Even though Pride Week in Ottawa is a festive celebration, it’s also a time for more serious causes.
That’s why more than 100 people gathered Friday night at McNabb Park for a march dedicated to the transgender, two-spirited, and gender non-conforming communities.
It was the second such march during this year’s Capital Pride, which wraps up this weekend.
The atmosphere was warm as families with young children and elders mingled with crowds of protesters waving flags and placards.
Though Pride Week recognizes all members of the LGBT community, members of the trans community said they felt they needed a dedicated space of their own to express and assert themselves.
“This is one of the only spaces during Pride that is only for [trans people] and allows us to be ourselves. It’s not corporate, it’s not a party,” Cayce Ainsworth told Radio-Canada at the march.
“For the trans community, which has been very marginalized … these kinds of events are crucial,” Ainsworth said.
Ainsworth, who does not identify as a man or woman, helped organize the event for Pride Week. Ainsworth said that even within the LGBT community, transgender people often face discrimination.
‘There are a lot of needs in our community right now’
That marginalization is particularly felt among transgender people from cultural and Indigenous minorities — a phenomenon known as intersectionality.
“It is important in a week like this that we recognize the struggles and organize events in this way. There are a lot of needs in our community right now, and even if we have fun during Pride, it is above all a way of attacking and denouncing the structures of oppression,” said Keya Prempeh, a black transgender activist.
The same is true for two-spirited, Indigenous people such as Alex Ray Wolf, who do not identify with traditional genders.
“We get a lot of judgment [because we are Indigenous],” Ray Wolf said.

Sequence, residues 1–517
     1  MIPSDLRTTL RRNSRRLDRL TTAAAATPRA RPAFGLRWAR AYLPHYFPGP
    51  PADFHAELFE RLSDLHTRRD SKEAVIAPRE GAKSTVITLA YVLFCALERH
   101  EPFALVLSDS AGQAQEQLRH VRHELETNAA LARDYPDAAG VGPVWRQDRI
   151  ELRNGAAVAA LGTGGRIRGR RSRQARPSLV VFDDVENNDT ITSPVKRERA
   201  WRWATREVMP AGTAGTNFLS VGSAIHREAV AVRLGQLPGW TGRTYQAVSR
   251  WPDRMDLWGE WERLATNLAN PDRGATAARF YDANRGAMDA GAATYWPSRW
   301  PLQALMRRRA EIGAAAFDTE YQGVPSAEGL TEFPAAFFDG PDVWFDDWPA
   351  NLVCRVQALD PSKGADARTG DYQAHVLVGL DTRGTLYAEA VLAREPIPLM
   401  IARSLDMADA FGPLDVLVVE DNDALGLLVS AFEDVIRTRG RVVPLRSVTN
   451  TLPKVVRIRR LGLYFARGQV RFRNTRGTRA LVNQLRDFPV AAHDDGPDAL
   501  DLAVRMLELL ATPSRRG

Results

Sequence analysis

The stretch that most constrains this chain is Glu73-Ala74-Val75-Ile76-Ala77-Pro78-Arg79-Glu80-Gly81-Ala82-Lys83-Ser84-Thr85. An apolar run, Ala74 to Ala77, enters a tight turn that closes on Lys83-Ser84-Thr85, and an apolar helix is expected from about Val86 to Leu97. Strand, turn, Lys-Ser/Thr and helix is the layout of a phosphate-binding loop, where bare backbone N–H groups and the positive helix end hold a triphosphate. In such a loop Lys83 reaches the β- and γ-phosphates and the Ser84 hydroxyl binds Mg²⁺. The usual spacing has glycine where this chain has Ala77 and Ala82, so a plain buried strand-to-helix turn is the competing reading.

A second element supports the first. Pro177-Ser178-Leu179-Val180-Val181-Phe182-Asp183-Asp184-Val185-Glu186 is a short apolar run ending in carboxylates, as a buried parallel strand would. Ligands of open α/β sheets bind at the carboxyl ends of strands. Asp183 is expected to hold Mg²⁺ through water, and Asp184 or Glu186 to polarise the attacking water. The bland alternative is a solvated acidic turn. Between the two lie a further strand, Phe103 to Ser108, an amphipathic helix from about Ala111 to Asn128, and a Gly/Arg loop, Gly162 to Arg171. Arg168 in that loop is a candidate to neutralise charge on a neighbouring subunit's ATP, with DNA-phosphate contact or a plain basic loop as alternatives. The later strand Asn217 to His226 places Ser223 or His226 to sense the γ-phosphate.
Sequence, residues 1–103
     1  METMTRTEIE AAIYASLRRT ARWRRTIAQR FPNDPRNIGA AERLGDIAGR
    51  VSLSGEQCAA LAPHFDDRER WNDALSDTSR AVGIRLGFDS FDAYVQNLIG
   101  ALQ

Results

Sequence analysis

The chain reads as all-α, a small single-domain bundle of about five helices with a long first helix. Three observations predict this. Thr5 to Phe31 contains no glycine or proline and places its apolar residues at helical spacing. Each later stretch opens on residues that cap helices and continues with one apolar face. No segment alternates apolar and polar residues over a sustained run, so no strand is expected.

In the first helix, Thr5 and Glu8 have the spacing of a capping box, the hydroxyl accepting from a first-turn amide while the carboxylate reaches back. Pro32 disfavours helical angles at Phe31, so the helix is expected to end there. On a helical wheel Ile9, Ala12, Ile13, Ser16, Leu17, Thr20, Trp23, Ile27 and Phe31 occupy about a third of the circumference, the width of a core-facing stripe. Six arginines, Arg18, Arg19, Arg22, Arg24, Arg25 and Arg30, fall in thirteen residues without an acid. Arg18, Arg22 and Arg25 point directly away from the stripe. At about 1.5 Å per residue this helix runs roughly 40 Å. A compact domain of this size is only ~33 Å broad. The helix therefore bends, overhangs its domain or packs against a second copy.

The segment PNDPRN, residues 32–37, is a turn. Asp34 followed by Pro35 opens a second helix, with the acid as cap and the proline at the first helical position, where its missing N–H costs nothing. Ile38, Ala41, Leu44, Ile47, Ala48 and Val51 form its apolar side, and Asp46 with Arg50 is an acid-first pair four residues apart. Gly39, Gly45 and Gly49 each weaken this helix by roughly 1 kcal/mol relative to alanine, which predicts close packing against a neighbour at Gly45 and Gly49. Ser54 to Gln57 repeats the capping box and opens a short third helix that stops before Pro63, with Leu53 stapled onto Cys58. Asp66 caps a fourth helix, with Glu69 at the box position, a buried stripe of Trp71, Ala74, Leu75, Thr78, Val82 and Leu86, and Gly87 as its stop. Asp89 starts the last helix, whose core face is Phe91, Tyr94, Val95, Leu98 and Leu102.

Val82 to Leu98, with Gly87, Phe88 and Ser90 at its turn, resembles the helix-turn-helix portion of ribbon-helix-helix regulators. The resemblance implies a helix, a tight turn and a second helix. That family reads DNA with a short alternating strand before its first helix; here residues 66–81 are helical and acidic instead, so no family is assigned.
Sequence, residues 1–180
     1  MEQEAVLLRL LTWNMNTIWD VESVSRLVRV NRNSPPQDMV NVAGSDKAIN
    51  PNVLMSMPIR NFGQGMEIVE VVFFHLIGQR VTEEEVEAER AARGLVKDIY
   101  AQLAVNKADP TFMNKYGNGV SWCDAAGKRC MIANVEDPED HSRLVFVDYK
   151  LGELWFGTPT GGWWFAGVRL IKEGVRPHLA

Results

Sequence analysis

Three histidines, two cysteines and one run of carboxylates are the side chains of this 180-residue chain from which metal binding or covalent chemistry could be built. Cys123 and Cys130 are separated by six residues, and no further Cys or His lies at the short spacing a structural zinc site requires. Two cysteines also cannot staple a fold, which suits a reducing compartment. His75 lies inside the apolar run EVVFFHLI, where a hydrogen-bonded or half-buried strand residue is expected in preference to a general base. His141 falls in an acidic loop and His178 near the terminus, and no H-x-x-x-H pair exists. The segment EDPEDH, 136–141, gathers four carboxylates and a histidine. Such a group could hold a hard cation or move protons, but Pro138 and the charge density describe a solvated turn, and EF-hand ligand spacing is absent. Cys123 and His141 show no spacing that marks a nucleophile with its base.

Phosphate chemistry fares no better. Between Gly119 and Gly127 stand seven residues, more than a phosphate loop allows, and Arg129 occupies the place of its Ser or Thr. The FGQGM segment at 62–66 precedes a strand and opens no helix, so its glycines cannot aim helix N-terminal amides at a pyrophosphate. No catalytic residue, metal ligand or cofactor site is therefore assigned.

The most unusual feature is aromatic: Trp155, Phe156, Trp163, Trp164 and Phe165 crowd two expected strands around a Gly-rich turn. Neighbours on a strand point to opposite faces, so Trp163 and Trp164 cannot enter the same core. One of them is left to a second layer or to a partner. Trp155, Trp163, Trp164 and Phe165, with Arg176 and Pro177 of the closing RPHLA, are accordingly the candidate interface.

“We want to remind [the colonizers] that we are two-spirited and that we have the right to be both male and female,” said Ray Wolf, whose parents are Mohawk and Algonquin.
A long road ahead
Even if the demonstrators only marched a few kilometres Friday night, they said there’s still a long way to go for equality of trans people.
Access to housing, education, adequate health care and employment remains challenging, according to those who attended the march.
It’s what Keya Pempreh describes as a vicious circle, as limited access to work or housing often leads to health problems, social insecurity, and drug or alcohol abuse.
Susan Bapka, an activist from Toronto, told Radio-Canada that she’d been caught in that circle for a long time.
“I left the closet around the age of 40. My life was not easy. I had drug and alcohol problems and I lived on the streets in Toronto for 10 years. But when I started to get support, I could accept that I wanted to live like a woman,” she said.
For Gapka and many other activists who gathered on Friday, the solution to these problems is above all the protection of human rights with initiatives like Bill C-16, which was adopted in June.
While they welcome this initiative, some of the marchers also acknowledged that much remains to be done to advance their rights.